A dairy farming couple has been awarded £1.75m for misrepresentations and multiple tenancy breaches by their landlord, the Crown Estate.
Fifth-generation dairy farmers Ian and Judith Wakley moved their business and family from Aberdeen to Somerset to take on a Crown Estate farm tenancy in 2007.
Oliver Radley-Gardner, a lawyer representing the Wakleys, told the High Court in Bristol that on arrival the Wakleys found Staple Park Farm in Somerset beset by equipment problems and other difficulties, contrary to assurances by the Crown Estate.
Mr and Mrs Wakley were persuaded to take on the tenancy of Staple Park Farm after being told that the farm parlour and the slurry/dirty water storage and disposal were “right up to date”, said Mr Radley-Gardner.
In addition, they were told the farm had an effective freshwater supply and distribution system. But none of these statements turned out to be true, he added.
Furthermore, silage on the farm, which the Wakleys had had to purchase when they took over – and was said to be of a “high quality” – turned out to be contaminated with wire, which caused cattle to become seriously ill and die.
Despite repeated requests, Mr Radley-Gardner said the Crown Estate was unwilling to repair the equipment or remedy the problems.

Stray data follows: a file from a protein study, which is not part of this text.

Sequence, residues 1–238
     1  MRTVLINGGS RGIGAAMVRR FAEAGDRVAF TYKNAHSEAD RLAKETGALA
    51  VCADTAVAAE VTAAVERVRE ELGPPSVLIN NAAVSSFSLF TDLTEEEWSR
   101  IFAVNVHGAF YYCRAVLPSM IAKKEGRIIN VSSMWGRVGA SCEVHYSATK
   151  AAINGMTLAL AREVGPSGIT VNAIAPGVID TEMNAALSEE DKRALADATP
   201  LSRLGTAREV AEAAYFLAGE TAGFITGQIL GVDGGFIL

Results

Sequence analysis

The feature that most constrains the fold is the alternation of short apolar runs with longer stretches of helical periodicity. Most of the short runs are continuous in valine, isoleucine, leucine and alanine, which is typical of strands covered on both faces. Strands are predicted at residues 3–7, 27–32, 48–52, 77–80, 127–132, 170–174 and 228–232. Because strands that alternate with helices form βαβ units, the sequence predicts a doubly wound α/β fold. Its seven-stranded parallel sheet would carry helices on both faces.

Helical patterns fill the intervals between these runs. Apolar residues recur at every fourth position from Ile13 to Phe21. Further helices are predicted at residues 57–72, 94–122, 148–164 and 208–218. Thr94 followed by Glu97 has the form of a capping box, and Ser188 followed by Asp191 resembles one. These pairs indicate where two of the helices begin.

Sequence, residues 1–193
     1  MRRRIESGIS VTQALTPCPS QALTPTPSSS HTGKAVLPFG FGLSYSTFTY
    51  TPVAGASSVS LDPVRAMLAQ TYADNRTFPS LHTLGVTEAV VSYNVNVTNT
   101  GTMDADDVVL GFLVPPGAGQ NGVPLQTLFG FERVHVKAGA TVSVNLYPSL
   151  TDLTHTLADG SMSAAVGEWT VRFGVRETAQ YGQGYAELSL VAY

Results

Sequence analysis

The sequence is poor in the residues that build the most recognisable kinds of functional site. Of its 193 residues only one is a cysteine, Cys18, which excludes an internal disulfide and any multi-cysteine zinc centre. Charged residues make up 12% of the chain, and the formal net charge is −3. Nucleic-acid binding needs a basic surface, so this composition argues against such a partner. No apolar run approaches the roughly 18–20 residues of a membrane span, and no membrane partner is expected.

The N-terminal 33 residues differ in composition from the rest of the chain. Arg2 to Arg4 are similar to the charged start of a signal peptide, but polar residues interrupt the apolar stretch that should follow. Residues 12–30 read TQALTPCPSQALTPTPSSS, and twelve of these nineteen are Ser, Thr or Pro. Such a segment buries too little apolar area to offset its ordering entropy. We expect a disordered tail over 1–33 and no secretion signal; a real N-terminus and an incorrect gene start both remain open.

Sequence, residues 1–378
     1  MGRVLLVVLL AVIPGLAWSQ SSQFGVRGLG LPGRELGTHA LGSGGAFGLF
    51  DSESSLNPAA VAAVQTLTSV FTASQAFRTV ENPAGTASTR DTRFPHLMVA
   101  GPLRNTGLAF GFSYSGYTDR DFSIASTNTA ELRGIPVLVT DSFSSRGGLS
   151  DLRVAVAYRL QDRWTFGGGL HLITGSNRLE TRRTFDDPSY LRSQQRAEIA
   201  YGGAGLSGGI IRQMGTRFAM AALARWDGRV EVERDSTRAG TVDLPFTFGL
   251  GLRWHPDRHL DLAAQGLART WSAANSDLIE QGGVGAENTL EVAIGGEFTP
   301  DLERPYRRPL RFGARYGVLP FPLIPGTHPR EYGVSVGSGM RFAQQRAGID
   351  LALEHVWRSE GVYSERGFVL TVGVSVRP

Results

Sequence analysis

Instead the landlord sought to blame Mr and Mrs Wakley, he added, saying that they were incompetent farmers. The Wakleys suffered huge losses and were eventually unable to pay their rent.
The Crown Estate started possession proceedings, which the Wakleys were able to defend only with assistance from their insurers and the NFU Legal Assistance Scheme.
Following legal proceedings, initiated by the landlord, a judge ruled in favour of the farming couple on Thursday (15 December) after a three-and-a-half year legal battle.
In his ruling, the judge, Recorder David Blunt QC, found that The Crown Estate had misrepresented the condition and productive capacity of the farm.
Judge Blunt held that “the misrepresentations initiated an insidious chain of events, which ended with [the Wakleys] entering into the [farm business tenancy].”
The judge also found the Crown Estate in breach of landlord’s repairing and other tenancy obligations and rejected the notion that the Wakleys were incompetent farmers.
“I am satisfied on the balance of probabilities, and find as a fact, that the problem with the herd… and of the run-down condition of the farm… were not… the consequence of incompetence on the part of the Wakleys (ie, their not knowing how to farm properly).
“They were the consequence of the problems they encountered. In other words, the losses sustained on the farm were sustained in spite of the Wakleys exercising all reasonable endeavours to overcome those problems.
“I am entirely satisfied and find as a fact that the Wakleys neither were at any time, nor are, incompetent farmers.”
Following the judgment, Miles Farren, a partner at agricultural solicitors Michelmores, which represented the Wakleys, said they would rebuild their dairy herd and continue to farm at Staple Farm Park.
A spokesperson for The Crown Estate said: “We are of course disappointed with the outcome of this litigation. We will now consider the further legal recourse that is available to us and, in light of that, it would be inappropriate for us to comment further at this time.”